The latitudes in which they occur is predictable, the effects which range from calm to storms are not,
Known to sailors around the world as the doldrums, the Inter-Tropical Convergence Zone, (ITCZ, pronounced and sometimes referred to as the “itch”), is a belt around the Earth extending approximately five degrees north and south of the equator. Here, the prevailing trade winds of the northern hemisphere blow to the southwest and collide with the southern hemisphere’s driving northeast trade winds.
What are the doldrums?
The expected weather is variable light or calm winds, alternating with squalls and thundery showers. This band of pressure moves North and South on a daily basis according to the seasons and it can be very difficult to predict exactly where the ‘Doldrums’ will occur with any meaningful accuracy until a few days before.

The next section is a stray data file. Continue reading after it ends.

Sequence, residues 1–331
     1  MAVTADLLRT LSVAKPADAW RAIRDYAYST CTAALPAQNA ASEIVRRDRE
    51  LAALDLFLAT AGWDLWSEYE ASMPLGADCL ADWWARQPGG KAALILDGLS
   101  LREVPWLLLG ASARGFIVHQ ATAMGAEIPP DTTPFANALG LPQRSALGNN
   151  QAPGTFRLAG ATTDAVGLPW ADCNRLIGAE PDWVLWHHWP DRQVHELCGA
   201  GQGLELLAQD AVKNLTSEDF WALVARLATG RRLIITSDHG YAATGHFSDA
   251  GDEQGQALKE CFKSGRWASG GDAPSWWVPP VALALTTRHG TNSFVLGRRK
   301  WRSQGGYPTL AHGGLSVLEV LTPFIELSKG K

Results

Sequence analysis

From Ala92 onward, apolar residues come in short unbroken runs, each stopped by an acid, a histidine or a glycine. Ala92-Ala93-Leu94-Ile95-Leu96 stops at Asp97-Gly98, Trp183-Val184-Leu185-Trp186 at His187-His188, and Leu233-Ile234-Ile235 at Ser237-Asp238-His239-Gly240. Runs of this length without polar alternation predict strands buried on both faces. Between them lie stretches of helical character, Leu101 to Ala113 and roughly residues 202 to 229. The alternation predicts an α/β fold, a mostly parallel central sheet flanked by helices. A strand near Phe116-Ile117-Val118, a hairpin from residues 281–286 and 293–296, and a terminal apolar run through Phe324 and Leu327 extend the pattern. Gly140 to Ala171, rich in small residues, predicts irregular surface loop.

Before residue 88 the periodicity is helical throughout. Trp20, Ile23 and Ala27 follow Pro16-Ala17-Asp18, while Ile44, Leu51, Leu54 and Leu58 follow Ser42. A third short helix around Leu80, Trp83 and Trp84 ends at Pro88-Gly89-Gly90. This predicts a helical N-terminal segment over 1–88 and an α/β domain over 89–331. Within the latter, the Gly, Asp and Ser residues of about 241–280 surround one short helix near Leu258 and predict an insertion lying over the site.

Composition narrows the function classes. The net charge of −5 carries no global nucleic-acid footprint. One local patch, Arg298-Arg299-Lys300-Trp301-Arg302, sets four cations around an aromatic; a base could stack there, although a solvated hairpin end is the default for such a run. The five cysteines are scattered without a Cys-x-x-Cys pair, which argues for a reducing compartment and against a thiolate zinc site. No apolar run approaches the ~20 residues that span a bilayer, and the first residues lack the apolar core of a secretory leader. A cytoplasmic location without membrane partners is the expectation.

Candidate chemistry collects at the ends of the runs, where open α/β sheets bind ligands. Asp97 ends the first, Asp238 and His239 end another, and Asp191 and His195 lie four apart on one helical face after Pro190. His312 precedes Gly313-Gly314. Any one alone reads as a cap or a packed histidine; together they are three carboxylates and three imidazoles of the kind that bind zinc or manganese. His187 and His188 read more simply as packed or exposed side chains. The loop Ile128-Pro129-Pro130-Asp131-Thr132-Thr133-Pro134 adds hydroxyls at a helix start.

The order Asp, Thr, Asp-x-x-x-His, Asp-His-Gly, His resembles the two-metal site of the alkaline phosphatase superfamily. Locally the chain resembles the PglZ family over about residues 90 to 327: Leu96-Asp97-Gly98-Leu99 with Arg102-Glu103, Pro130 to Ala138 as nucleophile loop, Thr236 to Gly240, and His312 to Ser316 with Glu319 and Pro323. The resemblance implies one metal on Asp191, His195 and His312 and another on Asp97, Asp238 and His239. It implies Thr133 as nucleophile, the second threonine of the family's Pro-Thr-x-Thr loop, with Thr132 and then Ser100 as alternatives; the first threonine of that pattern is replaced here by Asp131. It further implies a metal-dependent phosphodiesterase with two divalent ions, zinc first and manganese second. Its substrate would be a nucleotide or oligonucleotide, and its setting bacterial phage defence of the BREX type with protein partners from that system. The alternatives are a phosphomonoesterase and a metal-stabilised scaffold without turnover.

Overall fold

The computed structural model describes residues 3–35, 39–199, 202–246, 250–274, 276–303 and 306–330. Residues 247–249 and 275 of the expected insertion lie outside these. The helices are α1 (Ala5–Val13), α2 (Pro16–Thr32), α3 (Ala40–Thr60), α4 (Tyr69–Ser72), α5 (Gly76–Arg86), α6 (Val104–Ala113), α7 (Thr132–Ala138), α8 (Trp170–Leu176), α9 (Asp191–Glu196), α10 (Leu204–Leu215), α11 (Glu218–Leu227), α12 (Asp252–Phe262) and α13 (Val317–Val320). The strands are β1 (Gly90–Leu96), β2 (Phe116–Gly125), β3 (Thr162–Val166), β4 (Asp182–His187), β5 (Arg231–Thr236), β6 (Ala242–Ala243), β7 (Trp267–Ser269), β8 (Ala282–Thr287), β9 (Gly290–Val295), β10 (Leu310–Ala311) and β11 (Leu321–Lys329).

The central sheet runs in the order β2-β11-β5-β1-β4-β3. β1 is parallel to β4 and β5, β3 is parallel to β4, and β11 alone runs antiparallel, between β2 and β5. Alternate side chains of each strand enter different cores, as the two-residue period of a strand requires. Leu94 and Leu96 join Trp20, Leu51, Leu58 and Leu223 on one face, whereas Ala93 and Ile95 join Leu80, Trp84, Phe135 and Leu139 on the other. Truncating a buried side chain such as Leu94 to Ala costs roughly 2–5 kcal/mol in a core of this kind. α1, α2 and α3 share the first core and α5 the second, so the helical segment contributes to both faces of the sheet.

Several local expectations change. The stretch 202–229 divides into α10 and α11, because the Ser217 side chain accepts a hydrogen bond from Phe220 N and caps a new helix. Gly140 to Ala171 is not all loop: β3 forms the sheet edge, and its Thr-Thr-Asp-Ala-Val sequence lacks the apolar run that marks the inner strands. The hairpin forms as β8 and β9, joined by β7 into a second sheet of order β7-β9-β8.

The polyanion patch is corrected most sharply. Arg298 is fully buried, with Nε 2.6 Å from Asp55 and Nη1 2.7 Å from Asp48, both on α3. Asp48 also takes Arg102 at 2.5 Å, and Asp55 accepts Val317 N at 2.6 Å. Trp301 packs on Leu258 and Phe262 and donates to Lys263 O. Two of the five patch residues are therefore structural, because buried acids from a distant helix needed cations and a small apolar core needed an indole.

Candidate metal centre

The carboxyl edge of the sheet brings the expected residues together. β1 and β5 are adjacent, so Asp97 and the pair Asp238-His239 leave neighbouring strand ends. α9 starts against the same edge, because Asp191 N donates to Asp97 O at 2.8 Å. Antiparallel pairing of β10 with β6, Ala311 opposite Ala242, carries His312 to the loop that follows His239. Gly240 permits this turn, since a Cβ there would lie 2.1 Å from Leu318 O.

Given that the zone of high pressure in the North and South also ‘breathe’ and cumuliform clouds are constantly moving and regenerating around the equator. The doldrums are continually metamorphosing, working one way on a particular day, and another the next. As such, it’s hard for the sailors to predict its extension and its density before plunging into it
They generally position themselves between 8°N and 3°N, going from the African coast to up to 35° West at times as it contracts. However, the worst thing about the doldrums remains its unpredictability. It stretches, becomes longer, retracts or expands without warning: the sailor knows when he’s beginning to enter it, but not when he’ll escape it.
The unpredictability of the weather, either no winds or potential hurricanes, made the Doldrums one of the least favorite sailing lanes back when all that ships had to power them across the ocean was their sails.
So in general, it doesn't sound like this is a pleasant place to be.